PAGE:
Woman takes drastic step in fight against breast cancer

MYRTLE BEACH, SC (WMBF) - It's a drastic decision that more and more women are making: having their breasts removed even though they're not fighting cancer. Jessica Blazer is one of them.

She works at WMBF News in the programming department, but she's also a wife, mother and recovering from major surgery. Just three months ago, she had a double mastectomy. Her journey to the operating room started years ago.

"Ten years after my mother's death, I was 28 and that's when my doctor found a lump," Jessica remembers. "It's hard to imagine being 28, thinking that you have your whole life ahead of you, and you may not."

The diagnosis stunned her. Even though her mother died of breast cancer, Jessica says there was never a clear family history of the disease.

"It just kept snowballing out of control and she lost her battle two and a half years later," Jessica says about her mother's cancer.

"After I was diagnosed, my first thought was, 'I'm going to die just like my mom.' They kept telling me 'This isn't your mother's cancer', but I kept thinking that," she says.

Jessica had a lumpectomy, then six months of chemotherapy because the disease had already spread to her lymph nodes. She lost all of her long hair. It was one of the most traumatizing parts of the process.

"My cancer when it was tested, came back triple negative," Jessica says. "Usually you think anything with cancer and negative is a good thing! But triple negative is actually the worst, aggressive, breast cancer you can get."

It was an aggressive treatment for an aggressive disease.

Her husband, Marc, remembers how frightened they both were during Jessica's diagnosis and treatment.

"It was a scary thing all the way through," Marc recalls. "Still to this day, I'm amazed we survived it."

Since her mother died of the disease at a young age, Jessica's oncologist suggested she have gene testing done to see if she was at a higher risk.

"It came back positive for BRCA 1, and she said 'Well that explains a lot,'" Jessica remembers her doctor saying. The oncologist told Jessica to consider a double mastectomy in the future because she had a hereditary risk for breast cancer. In some BRCA 1 patients, that risk could be as high as 80 percent.

During her annual exams, Jessica worried the cancer would come back. In June, a suspicious test result sent that fear into overdrive.

"I was like 'This can't be happening again,'" she thought. "For the better part of the day I was upset, then I got angry." Jessica says it was then she made a life-changing decision.

"I just decided 'you know what?' I don't want to do this anymore," she remembers. "I don't want to keep waiting for it to come back."

Jessica met with a surgeon in Charleston who was performing a procedure unlike any she had researched before. Doctor Robert Allen, a Florence native, pioneered the "Microsurgical Breast Reconstruction" surgery. Jessica had considered the procedure for years, but this summer, when she got the cancer scare, she moved forward.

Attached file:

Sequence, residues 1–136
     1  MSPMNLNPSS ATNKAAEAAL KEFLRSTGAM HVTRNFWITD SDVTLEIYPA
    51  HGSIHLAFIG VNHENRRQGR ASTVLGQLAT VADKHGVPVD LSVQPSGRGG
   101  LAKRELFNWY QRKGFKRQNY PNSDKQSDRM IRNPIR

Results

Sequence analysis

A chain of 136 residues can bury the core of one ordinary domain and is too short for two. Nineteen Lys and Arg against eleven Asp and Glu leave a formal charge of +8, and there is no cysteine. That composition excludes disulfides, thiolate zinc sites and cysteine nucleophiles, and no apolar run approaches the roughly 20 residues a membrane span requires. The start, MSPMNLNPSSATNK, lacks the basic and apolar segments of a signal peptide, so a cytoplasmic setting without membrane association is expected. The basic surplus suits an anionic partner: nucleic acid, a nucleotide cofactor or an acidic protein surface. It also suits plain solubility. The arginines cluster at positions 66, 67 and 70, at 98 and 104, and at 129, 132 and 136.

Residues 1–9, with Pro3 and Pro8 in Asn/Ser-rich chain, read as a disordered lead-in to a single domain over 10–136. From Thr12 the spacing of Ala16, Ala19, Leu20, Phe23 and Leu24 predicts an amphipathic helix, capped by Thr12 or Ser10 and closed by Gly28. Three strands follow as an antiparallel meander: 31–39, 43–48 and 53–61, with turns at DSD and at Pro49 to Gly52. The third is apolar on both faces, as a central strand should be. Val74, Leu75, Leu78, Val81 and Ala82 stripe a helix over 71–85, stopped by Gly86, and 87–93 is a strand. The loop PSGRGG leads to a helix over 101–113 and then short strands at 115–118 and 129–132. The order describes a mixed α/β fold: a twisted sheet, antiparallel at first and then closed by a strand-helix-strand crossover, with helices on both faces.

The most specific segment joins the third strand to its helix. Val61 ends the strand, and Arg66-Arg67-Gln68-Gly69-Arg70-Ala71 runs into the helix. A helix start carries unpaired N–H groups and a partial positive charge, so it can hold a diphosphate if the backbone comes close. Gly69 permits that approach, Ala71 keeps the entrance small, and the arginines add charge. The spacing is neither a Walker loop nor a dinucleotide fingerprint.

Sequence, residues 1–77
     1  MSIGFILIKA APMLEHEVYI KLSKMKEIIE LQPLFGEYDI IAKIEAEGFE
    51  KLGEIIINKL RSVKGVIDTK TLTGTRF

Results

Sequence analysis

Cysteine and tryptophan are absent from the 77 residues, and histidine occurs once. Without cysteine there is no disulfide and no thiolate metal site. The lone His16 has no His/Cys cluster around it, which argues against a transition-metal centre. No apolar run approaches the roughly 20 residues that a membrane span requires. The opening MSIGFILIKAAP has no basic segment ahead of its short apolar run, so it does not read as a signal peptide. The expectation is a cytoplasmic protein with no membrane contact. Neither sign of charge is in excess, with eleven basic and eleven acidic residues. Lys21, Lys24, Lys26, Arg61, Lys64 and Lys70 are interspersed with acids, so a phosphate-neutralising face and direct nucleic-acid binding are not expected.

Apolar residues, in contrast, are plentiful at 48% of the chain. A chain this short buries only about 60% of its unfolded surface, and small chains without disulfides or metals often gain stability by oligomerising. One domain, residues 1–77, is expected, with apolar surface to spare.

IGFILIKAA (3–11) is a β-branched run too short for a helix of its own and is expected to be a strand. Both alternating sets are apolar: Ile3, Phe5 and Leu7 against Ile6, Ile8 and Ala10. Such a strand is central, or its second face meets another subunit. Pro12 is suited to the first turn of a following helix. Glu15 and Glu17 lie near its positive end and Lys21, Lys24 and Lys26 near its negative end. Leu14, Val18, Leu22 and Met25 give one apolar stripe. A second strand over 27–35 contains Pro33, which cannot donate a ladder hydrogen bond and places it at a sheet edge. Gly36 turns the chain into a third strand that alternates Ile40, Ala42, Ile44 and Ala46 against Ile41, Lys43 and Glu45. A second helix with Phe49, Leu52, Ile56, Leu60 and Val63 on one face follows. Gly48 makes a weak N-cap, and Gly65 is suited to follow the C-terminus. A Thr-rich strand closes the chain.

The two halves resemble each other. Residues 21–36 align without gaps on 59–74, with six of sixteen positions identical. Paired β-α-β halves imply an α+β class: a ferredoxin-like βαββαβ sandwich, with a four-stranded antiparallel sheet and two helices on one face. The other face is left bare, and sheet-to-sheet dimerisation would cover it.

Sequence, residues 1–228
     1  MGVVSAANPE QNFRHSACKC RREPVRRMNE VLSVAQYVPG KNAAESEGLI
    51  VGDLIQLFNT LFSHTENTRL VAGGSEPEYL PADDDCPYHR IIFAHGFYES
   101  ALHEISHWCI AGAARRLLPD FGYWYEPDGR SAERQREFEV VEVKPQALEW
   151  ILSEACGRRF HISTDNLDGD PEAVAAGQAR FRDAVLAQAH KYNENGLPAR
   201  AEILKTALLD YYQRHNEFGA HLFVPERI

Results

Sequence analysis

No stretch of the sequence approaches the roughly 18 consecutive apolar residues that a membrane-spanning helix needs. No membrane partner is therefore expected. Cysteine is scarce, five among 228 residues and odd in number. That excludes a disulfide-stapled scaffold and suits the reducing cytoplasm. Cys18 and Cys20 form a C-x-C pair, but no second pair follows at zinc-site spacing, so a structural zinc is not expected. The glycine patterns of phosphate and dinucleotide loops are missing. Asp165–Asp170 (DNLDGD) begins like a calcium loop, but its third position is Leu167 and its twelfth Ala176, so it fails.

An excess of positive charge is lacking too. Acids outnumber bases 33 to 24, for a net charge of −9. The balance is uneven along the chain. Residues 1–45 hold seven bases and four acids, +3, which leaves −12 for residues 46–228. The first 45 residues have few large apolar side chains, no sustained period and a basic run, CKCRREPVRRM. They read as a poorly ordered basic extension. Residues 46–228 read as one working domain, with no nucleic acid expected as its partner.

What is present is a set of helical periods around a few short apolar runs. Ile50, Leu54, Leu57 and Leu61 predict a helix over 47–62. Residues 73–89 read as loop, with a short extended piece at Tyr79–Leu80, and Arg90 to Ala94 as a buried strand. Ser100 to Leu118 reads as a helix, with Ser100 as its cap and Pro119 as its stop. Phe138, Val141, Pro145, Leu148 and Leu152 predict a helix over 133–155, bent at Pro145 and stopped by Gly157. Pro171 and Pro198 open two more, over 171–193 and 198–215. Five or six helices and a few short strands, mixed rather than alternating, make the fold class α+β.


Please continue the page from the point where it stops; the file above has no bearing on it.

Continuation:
"If it had still just been Marc & myself, I may not have done it so quickly," Jessica says. "Now that I have a daughter, I have to be here for her. It wasn't a question."

Unlike a mastectomy with implants, which takes several surgeries, Dr. Allen's procedure involves moving fat tissue from the stomach to the breasts as soon as the mastectomy is finished.

"Cancer of the fat in the lower abdomen happens in maybe one in ten million people, whereas cancer of the breast may happen in one in seven or eight," Dr. Allen explains. "So the tissue you're replacing the breast with is essentially a zero risk for breast cancer."

On July 16, on her 36th birthday, Jessica underwent a double mastectomy and reconstructive surgery at NYU Langone Medical Center during a six-and-a-half-hour procedure.

"I did start to get a little nervous outside the operating room, right before they took me in," she remembers. "All of a sudden I'm by myself in this hallway outside the OR, and I just started to feel a little overwhelmed."

Ninety-eight percent of the patients Dr. Allen sees are breast cancer survivors. Many of them have the BRCA gene mutation. He says the DiepFlap surgery that Jessica had is easy to recover from because it doesn't affect any muscle or bone, there's barely any blood loss, and it leaves women with natural-looking and feeling breasts.

"I was put under and I had breasts, and I woke up, and I had breasts," Jessica says. "There was no lag time in between, and I think that, psychologically, was better for me. I felt fine, I didn't feel pain, I didn't feel like I was missing anything."

Marc says the family has a whole new outlook on life.

"We don't think of breast cancer anymore because her chances are less than two percent," he says. "That's better than most women walking around. No more mammograms, no more cancer. Move on. Let's live."

Now nearly three months post-surgery, Jessica is back to feeling like normal and planning for a future.

"It all comes down to wanting to be here for my family and for my daughter," she says. "It's amazing the sense of relief afterwards and the fact that I don't have to worry about it anymore."

Even though gene testing has been around for years, it was thrust into the spotlight last spring when actress Angelina Jolie wrote in The New York Times of her own journey finding out she had the BRCA 1 gene mutation and her choice to have a double mastectomy and reconstructive surgery.

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